As the Libyan rebels ransacked Muammar Qaddafi's compound this week, MSNBC notes today, they came across a rather creepy item: a photo album, shown below, filled with pictures of Condoleezza Rice giving speeches and meeting with foreign leaders:
The existence of the album, it turns out, is in keeping with Qaddafi's longstanding affection for the former U.S. secretary of state. In an interview with Al Jazeera in 2007, the Libyan leader had nothing but effusive praise for Rice: "I support my darling black African woman," he said. "I admire and am very proud of the way she leans back and gives orders to the Arab leaders ... Leezza, Leezza, Leezza. ... I love her very much."
The next year, Rice became the highest-ranking American official to visit Libya since Richard Nixon in 1957, following Qaddafi's decision in 2003 to abandon his nuclear weapons program and renounce terrorism. The Washington Post described the first encounter between Rice and Qaddafi--a private late-night dinner to break the Ramadan fast in a tent at his now-looted Bab al-Azizia compound--in the most romantic of terms.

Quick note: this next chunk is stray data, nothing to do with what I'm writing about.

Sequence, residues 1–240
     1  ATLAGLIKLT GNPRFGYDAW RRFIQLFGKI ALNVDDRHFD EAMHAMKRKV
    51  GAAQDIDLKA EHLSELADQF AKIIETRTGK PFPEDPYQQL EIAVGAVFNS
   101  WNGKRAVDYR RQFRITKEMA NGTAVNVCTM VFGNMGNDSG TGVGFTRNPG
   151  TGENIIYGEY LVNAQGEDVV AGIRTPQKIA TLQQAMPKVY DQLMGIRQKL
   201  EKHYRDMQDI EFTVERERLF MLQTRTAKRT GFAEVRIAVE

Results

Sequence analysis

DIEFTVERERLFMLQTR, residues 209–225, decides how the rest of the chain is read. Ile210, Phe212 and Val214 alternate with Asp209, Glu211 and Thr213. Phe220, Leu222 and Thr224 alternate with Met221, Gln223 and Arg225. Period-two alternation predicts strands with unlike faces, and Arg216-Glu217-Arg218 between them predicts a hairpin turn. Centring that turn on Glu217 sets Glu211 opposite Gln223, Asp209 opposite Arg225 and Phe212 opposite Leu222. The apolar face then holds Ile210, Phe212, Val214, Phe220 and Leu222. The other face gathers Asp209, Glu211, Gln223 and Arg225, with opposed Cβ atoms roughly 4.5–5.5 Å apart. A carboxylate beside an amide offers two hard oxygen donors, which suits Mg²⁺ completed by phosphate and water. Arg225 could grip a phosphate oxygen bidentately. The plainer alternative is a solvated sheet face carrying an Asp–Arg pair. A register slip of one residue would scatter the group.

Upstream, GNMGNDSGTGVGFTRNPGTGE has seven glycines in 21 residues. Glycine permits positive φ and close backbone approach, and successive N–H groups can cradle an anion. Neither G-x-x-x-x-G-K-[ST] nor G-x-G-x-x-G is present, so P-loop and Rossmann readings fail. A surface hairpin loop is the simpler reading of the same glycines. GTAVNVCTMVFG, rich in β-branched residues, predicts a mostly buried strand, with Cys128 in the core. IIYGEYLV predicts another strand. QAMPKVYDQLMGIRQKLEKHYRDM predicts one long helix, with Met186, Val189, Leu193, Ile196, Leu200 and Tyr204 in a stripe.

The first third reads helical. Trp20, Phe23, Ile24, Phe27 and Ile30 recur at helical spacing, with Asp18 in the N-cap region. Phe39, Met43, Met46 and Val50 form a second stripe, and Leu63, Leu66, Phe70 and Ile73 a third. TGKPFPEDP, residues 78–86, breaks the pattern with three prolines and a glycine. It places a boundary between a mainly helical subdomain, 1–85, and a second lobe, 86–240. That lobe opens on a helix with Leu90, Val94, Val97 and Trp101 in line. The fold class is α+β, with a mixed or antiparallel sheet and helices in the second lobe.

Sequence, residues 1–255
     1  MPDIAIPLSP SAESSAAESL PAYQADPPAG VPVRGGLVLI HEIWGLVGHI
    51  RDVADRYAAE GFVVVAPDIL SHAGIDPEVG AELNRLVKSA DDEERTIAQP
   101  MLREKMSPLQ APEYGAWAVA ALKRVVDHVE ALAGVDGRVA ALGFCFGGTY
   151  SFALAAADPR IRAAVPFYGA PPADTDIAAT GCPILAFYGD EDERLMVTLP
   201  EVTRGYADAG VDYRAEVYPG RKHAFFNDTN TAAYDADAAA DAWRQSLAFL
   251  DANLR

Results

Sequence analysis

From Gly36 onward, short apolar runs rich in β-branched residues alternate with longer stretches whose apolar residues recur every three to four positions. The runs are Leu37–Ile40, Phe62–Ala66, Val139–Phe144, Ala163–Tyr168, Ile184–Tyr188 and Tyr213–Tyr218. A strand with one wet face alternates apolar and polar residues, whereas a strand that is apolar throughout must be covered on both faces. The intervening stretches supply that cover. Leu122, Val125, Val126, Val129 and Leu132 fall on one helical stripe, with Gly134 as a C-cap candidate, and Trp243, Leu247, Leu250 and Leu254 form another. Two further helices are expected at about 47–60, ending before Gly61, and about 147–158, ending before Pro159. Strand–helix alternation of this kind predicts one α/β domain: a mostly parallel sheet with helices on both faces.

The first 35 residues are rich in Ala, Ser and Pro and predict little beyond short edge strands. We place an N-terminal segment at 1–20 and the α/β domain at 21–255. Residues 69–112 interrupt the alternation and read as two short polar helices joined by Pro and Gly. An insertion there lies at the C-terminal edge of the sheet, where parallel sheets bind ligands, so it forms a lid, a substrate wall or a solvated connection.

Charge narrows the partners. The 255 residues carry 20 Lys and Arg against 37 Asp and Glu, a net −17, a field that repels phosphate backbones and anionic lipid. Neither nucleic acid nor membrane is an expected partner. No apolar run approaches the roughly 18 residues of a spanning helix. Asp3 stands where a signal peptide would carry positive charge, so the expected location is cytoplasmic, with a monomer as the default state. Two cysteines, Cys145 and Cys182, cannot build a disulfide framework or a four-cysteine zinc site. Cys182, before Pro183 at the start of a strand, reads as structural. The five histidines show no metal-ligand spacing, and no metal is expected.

The strong scent of incense hung heavy in the air.
There, standing in a corner as still as a wax statue, was the leader.
Gaddafi wore a simple white cotton robe and a black Libyan fez, which covered part of his flowing hair. His robe was accented by a brooch in the shape of Africa and a striking colored slash decorated with shapes of Africa. He also wore a pair of highly polished black shoes.
Gaddafi appeared to be the epitome of cool, tall and distinguished, no longer the "mad dog" of the Reagan years.
Reporters and cameramen jockeyed for position and filled the tiny room. Gaddafi remained still and somber, though his face lit up when he saw Rice. Many devout Muslim men do not shake the hands of women, and when Rice approached, Gaddafi simply placed his right hand over his chest, a traditional and respectful welcome.
Before Rice's visit, WikiLeaks cables later revealed, the U.S. embassy in Tripoli notified the secretary of state that while Qaddafi "avoids making eye contact" and "there may be long, uncomfortable periods of silence," the Libyan ruler "has been eagerly anticipating for several years the opportunity to share with you his views on global affairs."